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Best Option for Treatment of Pain Secondary to Ankle Sprain
Abstract & Commentary
By John Shufeldt, MD, JD, MBA, FACEP, Chief Executive Officer, NextCare, Inc.; Attending Physician/Vice Chair, Department of Emergency Medicine, St. Joseph's Hospital and Medical Center, Mesa, AZ, is Editor for Urgent Care Alert.
Dr. Shufeldt reports no financial relationship to this field of study.
Synopsis: This study compares Tramadol and acetaminophen to Hydrocodone and Acetaminophen versus placebo for the treatment of acute ankle sprain.
Source: Hewitt DJ, et al. Tramadol/acetaminophen or hydrocodone/acetaminophen for the treatment of ankle sprain: A randomized, placebo-controlled trial. Ann Emerg Med. 2007;49:468-480.
Pain is the leading reason for seeking care in the emergency department,1 yet it is often under- treated in the ED because of inadequate assessment and treatment, for fear of addiction.2 The goal of this study was to compare the analgesic efficacy and safety of tramadol/acetaminophen with hydrocodone/acetaminophen vs placebo in the ED, using ankle sprain with partial ligament tear as the prototypical model of acute musculoskeletal pain.
This multicenter, randomized, double blind, outpatient, placebo-controlled, parallel-group clinical trial compared 3 groups: tramadol/acetaminophen, hydrocodone/acetaminophen, and placebo. Subjects reported pain scores hourly in a diary for the first 4 hours, than daily for next 5 days. The subjects were from 47 urgent care sites and 39 emergency departments. Study subjects were adults age 18 to 75 presenting with ankle sprains from the previous 48 hours, who had a clinical diagnosis of partial ligament tear, findings of pain on ambulation, and ankle swelling.
Patients were randomized in a 1:1:1 ratio and received either 2 capsules of tramadol 37.5 mg, acetaminophen 325mg, hydrocodone 7.5 mg, acetaminophen 650 (plus one placebo capsule), or 2 placebo capsules. Tramadol/acetaminophen and hydrocodone/acetaminophen provided grater total pain relief than placebo during the first 4 hours, decreased pain intensity during the first 4 hours, and increased average pain relief on days one through 5. There was no difference in effectiveness between the tramadol/acetaminophen group as compared to the hydrocodone/ acetaminophen group. Familiar adverse side effects included nausea, vomiting, dizziness and somnolence. Hewitt and colleagues concluded that one or 2 capsules of 37.5 mg of tramadol/325 mg of acetaminophen and one capsule of 7.5 mg of Hydrocodone/ 650mg of acetaminophen were well tolerated, had equivalent clinical utility, and were both more effective than placebo in the treatment of acute ankle sprain.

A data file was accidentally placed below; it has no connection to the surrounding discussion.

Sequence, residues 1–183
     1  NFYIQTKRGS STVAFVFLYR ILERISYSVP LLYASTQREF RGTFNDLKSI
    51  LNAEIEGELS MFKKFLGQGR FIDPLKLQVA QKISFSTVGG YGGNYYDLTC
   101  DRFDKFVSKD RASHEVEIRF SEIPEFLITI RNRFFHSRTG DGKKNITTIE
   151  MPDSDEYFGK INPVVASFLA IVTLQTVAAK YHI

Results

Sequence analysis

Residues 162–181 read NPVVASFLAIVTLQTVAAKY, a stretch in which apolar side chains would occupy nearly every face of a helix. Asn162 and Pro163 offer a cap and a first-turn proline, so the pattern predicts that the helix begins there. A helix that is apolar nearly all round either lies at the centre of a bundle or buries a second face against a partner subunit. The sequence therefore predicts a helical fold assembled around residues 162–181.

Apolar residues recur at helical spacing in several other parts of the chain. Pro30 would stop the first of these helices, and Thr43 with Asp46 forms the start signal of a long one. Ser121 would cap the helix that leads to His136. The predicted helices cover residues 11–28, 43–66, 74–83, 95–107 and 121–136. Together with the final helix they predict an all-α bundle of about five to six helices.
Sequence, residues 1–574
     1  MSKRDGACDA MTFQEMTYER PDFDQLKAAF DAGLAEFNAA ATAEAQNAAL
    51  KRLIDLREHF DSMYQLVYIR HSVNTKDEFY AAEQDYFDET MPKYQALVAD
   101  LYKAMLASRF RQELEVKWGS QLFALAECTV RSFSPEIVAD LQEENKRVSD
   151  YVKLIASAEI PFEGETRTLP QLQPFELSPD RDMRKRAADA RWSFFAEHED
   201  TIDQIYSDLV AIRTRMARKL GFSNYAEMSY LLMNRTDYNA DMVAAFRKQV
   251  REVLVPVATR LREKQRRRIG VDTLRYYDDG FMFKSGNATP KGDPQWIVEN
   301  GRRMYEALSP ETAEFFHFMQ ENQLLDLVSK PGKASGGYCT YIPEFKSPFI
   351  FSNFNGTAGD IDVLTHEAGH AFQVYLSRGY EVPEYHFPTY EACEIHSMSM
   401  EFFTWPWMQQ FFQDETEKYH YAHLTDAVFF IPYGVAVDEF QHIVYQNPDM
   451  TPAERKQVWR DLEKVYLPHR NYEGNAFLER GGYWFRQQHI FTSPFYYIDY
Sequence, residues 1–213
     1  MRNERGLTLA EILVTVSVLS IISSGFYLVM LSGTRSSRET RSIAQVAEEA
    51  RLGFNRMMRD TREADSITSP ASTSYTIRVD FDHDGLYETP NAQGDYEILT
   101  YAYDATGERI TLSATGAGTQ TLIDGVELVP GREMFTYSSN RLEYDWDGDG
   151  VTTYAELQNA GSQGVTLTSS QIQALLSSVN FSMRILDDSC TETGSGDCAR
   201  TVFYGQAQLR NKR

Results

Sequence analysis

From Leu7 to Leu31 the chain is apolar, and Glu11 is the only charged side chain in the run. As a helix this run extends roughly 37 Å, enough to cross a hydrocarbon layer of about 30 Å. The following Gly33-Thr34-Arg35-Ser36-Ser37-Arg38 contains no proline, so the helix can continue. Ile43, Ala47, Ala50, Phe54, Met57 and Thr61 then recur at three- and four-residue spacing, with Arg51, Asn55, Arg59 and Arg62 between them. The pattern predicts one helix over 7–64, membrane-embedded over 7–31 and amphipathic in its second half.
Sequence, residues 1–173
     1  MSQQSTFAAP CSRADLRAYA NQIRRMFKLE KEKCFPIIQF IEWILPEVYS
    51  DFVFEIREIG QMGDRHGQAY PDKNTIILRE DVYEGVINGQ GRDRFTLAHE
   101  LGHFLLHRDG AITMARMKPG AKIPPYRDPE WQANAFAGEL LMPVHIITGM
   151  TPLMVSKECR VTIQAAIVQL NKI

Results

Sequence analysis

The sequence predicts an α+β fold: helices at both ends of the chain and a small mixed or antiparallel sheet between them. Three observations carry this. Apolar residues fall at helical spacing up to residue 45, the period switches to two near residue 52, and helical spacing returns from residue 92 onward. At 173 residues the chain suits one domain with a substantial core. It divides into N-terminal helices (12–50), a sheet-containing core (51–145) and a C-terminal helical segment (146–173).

This study is useful to help determine which pain medication is the best choice for the urgent care patients who present with acute musculoskeletal trauma. Like the emergency department, urgent care centers are frequented by patients who are seeking pain relief from musculoskeletal trauma.
Until this study, the typical choice for pain relief in a patient with an acute musculoskeletal injury was a non-steroidal anti-inflammatory or hydrocodone /acetaminophen, or both in combination. After this study, tramadol/acetaminophen appears to be as effective as hydrocodone/ acetaminophen for acute ankle sprain. This adds to the armamentarium of effective pain medications we can safely prescribe out of an urgent care center.
On a side note, I have noticed that many physicians are very reluctant to prescribe narcotics for the relief of acute pain for fear that this prescription will lead to addiction. However, when faced with their own acute injury, these same physicians have to no qualms about using short-term narcotic pain medication for their acutely painful injury. This dichotomy is troubling since it highlights a double standard which exists for many of us in health care. It has been shown time and again that physicians under-treat patients in pain by prescribing less pain medication than is realistically needed, or by prescribing a dosage that will not relieve the patient's painful symptoms. Perhaps now, these providers will, at minimum, prescribe an appropriate dose of the tramadol/acetaminophen combination for those patients who present in acute pain.